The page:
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News Breaks on the Web, But Can You Believe It?

By Dirk SmillieSpecial to The Christian Science Monitor / October 1, 1997


When the Pulitzer Prize board meets this November in New York, its members will consider one of the most controversial proposals ever put before them: whether to establish a prize category for Web-based journalists.

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It's an idea already embraced by jurors of the National Magazine Awards, offered annually by the American Society of Magazine Editors. Next year's ceremony will for the first time honor online magazine writers with a prize of their own.

Yet such newfound attention to cyberjournalists is tempered by concerns that stories broken on the Internet - where conspiracy buffs and assassination theorists can broadcast their ideas - are increasingly obtained by Web writers employing questionable sources and methods. "Online journalists are getting more attention but less respect," says Michael Kinsley, editor of the online magazine Slate.

No one fits that description better than Matt Drudge, author of an online tip sheet called the Drudge Report. Mr. Drudge is credited with being the first to report on Bob Dole's choice of Jack Kemp as his running mate in last year's presidential race, and with scooping the networks on the new, multimillion-dollar contracts for the cast of NBC's "Seinfeld."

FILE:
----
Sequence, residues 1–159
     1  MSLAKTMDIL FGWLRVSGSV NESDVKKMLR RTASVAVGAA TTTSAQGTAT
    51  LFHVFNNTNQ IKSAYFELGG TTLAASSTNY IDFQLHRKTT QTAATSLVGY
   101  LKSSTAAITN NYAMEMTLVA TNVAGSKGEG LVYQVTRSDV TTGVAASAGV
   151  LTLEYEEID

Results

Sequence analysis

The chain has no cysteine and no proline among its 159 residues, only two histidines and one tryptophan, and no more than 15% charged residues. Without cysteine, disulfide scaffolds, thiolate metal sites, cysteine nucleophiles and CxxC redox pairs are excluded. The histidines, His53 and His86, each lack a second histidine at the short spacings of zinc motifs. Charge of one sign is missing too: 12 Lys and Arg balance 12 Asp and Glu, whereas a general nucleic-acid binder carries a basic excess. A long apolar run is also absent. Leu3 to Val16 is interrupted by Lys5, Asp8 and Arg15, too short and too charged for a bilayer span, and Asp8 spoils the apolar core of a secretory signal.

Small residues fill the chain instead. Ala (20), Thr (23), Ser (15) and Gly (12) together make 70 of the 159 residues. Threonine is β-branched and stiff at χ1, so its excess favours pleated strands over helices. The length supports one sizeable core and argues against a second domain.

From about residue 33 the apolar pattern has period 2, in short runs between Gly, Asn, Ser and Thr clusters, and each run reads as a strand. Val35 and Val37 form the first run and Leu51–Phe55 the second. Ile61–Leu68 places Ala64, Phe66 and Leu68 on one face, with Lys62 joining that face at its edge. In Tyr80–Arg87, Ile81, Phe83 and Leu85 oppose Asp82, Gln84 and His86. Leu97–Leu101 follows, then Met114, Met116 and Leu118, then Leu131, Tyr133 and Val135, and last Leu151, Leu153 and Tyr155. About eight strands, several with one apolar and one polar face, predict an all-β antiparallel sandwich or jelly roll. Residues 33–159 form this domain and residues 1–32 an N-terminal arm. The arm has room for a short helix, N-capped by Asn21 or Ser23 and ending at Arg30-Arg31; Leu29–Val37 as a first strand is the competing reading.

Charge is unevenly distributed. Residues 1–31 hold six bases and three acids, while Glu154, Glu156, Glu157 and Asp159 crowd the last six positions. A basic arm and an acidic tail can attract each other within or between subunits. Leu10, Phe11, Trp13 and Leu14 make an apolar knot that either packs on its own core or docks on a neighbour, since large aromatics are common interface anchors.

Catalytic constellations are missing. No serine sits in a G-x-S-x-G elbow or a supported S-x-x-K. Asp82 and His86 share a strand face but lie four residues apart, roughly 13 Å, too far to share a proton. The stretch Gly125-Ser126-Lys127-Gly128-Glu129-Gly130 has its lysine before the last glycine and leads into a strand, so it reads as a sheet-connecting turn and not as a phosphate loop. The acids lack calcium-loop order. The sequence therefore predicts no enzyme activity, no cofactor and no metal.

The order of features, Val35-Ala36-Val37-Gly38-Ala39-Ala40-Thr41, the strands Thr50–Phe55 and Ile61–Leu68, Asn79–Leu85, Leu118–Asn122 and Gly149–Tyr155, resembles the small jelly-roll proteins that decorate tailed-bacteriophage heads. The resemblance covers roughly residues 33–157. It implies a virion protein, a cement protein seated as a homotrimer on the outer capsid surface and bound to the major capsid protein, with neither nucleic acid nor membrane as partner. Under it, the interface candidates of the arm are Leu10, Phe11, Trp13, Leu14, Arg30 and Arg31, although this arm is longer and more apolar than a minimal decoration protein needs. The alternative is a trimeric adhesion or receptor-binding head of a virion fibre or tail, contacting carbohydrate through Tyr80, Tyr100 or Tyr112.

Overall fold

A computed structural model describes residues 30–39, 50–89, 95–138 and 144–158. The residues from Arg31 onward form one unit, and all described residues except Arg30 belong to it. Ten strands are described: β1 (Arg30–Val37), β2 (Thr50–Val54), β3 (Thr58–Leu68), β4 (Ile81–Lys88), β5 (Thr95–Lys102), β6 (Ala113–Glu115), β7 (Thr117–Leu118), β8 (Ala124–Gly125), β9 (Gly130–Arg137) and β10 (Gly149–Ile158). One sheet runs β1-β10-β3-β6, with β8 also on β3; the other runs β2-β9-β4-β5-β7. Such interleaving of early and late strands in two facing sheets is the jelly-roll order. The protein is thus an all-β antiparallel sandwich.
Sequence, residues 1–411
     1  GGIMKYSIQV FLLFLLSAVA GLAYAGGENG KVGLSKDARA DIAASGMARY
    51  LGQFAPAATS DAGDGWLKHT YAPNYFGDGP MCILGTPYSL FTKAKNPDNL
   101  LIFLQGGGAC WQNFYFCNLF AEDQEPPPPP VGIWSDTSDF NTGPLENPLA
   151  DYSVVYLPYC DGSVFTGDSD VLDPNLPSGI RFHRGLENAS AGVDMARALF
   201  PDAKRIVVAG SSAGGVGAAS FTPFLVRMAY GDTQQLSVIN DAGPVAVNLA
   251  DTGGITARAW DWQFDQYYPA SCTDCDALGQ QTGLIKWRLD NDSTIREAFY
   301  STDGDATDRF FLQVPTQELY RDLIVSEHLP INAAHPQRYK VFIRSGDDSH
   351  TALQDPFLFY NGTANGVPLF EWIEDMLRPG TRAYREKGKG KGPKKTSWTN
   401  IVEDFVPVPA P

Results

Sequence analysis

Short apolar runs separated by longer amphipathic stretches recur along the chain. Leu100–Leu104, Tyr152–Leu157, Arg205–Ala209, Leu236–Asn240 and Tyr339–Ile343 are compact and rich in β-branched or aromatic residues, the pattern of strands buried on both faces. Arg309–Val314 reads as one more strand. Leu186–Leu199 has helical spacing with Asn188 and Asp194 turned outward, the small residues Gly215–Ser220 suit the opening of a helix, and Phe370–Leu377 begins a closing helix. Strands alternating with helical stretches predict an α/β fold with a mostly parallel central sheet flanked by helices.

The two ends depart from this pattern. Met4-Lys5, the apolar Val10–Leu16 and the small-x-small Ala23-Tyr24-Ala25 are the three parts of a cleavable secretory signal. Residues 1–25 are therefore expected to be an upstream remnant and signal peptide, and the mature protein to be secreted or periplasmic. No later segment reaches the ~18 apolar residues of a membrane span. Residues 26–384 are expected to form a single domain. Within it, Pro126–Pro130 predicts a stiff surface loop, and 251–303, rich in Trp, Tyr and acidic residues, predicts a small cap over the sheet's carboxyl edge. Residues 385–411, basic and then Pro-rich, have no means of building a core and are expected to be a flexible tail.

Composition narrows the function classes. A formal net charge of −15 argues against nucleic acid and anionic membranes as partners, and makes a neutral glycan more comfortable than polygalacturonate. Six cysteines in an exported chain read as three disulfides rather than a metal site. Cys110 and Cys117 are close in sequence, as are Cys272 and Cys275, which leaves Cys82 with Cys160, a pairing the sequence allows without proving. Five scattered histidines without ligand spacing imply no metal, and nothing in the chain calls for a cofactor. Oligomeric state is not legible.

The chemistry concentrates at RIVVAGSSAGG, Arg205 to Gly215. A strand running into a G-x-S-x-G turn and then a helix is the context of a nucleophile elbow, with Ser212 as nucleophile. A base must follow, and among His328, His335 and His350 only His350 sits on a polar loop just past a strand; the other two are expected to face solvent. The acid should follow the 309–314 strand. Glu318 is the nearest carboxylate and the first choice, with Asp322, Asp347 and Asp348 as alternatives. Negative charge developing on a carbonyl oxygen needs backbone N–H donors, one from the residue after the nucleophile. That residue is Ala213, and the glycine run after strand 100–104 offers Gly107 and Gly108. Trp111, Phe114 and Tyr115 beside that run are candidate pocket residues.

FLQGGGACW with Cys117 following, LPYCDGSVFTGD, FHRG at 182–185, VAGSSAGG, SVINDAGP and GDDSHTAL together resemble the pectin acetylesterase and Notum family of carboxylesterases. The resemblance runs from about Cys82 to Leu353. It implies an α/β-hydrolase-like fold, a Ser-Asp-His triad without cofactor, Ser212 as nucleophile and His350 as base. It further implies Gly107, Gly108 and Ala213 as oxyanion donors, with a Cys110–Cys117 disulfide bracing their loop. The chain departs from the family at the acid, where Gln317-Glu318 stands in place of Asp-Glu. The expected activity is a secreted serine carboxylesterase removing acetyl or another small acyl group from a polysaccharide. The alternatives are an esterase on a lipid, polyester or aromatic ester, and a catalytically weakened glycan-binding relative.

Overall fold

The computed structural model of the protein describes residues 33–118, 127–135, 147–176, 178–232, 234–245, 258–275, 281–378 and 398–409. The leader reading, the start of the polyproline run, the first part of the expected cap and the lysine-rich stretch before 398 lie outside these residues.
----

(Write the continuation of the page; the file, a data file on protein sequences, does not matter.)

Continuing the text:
Last July, when America Online began carrying the Drudge Report, an AOL press release touted Drudge as the "Walter Winchell of the electronic age," who would make other journalists play catch-up on stories unobtainable elsewhere.

And AOL was right: A few weeks later Drudge broke a story asserting that Sidney Blumenthal, a newly hired senior aide to President Clinton, had a history of spousal abuse. The accusation was picked up by other media outlets, including The Washington Post and New York Post.

The only problem with the story, Drudge discovered, was that it was false. He promptly issued a retraction, admitting he had "been had" by political sources he said were trying to use him. But Mr. Blumenthal was not satisfied, filing a $30 million libel suit last month against Drudge and America Online.

Above the speed limit

Rumor, gossip, and news on the Web move at muzzle velocity, speeding through an information culture with little time for journalistic methodologies. But without fact-checking or corroboration of sources, critics say, news on the Net is the equivalent of a passenger traveling 90 miles an hour without a seat belt.

"Speed is the enemy of accuracy," says Tom Rosenstiel, director of the Project for Excellence in Journalism. "The reason newspapers tend to be more accurate than electronic media is that newspapers have a news cycle of about 12 hours, where a group of editors can paw over stories and second-guess them."

Likewise, says Mr. Rosenstiel, "Local TV makes more mistakes than network TV, and network TV makes more mistakes than newspapers. The reason isn't competence; it's speed."

It's a lesson ABC learned earlier this year when a headline on its Web site announced that Timothy McVeigh was found guilty in the Oklahoma City bombing trial - an hour before the judge read the verdict. At the moment the announcement appeared, another headline flashed on-screen indicating the verdict was not guilty. In its haste to be first with the story, a staffer at the site mistakenly released the two headlines simultaneously.